Ernst & Young Report: Execs Still Disconnected from SecurityBy Ericka Chickowski | Posted 2007-12-12 Email Print
Modernizing Authentication — What It Takes to Transform Secure Access
Ernst & Young reported companies continue to make strides in integrating security with risk management processes, yet there is still a troubling disconnect between security operations and board room executives.The firm recently released the results of its 10th Annual Global Information Security Survey, which polled nearly 1,300 organizations in 50 countries about security practices and concerns. The survey results suggest that businesses are improving the way information security fits within the overall risk management framework and in enabling business initiatives.
The number of organizations that have either partially or fully integrated information security functions with risk management operations jumped from just 40 percent in 2005 up to 82 percent this year. On the performance side, a full 8 out of 10 organizations said that information security's contributions resulted in improvements in overall information security operational efficiency. Six out of 10 organizations also noted that information security was instrumental enabling strategic initiatives.
However, consultants at Ernst & Young believe that information security is not running at optimum performance due to a lack of communication with the top of the food chain.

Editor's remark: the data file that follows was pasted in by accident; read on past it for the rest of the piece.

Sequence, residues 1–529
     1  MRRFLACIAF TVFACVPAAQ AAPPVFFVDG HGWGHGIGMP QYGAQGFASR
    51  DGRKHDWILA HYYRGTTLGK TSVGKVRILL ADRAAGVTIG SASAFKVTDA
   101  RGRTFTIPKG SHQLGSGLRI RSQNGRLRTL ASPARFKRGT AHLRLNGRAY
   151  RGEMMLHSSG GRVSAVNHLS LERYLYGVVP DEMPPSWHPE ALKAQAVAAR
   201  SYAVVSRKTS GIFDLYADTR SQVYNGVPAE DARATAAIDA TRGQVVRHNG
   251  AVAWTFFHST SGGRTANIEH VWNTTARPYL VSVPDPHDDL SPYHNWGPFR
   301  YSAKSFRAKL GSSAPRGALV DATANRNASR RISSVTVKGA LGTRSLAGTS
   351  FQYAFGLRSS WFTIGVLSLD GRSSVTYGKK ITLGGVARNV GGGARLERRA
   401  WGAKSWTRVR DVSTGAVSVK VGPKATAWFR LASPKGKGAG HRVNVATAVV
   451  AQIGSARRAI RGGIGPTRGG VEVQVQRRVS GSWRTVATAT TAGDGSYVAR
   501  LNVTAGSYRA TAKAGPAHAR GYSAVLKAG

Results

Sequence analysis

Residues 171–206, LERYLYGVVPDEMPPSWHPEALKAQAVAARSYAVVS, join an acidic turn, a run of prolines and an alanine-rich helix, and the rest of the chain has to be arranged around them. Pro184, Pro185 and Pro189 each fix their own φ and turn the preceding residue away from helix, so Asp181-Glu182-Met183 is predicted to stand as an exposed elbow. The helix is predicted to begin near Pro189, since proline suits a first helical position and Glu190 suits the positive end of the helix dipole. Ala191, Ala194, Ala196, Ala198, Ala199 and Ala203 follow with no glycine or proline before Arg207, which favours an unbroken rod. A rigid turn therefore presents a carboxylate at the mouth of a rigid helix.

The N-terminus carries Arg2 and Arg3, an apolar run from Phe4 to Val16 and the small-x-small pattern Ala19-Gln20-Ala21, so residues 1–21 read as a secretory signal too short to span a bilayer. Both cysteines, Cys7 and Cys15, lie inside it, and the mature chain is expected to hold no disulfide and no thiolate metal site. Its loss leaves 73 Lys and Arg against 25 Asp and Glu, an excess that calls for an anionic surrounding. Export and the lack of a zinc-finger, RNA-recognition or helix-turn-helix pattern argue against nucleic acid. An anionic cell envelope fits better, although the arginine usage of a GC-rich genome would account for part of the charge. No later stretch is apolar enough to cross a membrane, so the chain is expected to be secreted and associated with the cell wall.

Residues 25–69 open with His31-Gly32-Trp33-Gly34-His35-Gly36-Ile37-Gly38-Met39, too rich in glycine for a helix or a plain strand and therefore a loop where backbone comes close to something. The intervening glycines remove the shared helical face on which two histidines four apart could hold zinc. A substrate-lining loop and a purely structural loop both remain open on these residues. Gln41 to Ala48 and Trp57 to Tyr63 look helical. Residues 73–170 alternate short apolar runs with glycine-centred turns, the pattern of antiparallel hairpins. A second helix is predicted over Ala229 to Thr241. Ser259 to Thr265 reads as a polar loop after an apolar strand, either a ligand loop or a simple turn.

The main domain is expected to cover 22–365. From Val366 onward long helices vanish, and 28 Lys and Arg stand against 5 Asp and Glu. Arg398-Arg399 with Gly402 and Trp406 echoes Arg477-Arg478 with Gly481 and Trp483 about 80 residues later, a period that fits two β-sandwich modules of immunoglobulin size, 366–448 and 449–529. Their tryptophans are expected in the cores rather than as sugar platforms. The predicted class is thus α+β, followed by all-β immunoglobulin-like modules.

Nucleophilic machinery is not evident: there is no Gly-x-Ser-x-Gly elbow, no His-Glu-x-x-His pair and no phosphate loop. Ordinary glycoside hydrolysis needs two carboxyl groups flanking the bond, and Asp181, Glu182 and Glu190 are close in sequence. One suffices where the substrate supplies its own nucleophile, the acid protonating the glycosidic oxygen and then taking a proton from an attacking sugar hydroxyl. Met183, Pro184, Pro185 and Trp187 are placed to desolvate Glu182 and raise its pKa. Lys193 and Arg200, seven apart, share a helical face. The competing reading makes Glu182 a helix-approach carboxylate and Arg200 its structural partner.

"This is a step in the right direction," said Richard Brown in a statement, head of technology security and risk services at Ernst & Young. "There is however some concern that many information security functions are struggling to balance their traditional risk management roles with a growing focus on information security being a contributor to performance improvementa struggle that is exacerbated when information security is not closely connected to the strategic decision-making process."
According to Ernst & Young, half of the organizations it surveyed meet with their board of directors only once a year or not at all. And 20 percent say their security departments never meet with corporate executives.
"There needs to be strong effective engagement with the business leaders to achieve a holistic approach across the entire organization," Brown said.
As in years past, compliance continues to be the main driver for information security activities, with 64 percent of organizations listing it within the top three factors impacting their programs. And though 80 percent of organizations agreed or strongly agreed that compliance efforts have improved their security programs, other drivers are growing in importance.
*For more on the relationship of compliance and security, take a look at Study: Frequency of Data Loss Connected to Compliance Efforts.
The percentage of respondents who ranked privacy and data protection as a key driver grew from 41 percent to 58 percent in the last year. The third-most frequently noted driver was meeting business objectives, with 45 percent rating that within its top three.
Besides the previously noted challenges regarding communication with upper level executives, information security managers also face an uphill battle in regard to finding qualified staff to perform security functions. More than half of those surveyed said that the greatest challenge to delivering security projects was finding well-trained IT staff and security specialists to do the job.
As a result, many organizations are relying more heavily on outsourced security services than ever before. In 2002 only 21 percent of those questioned by Ernst & Young outsourced any of their information security activities. Today more than 60 percent of the surveyed organizations outsource at least part of their security functions. Most common on the list of outsourced activities are penetration testing, architecture development, procedure development and development of awareness and training programs.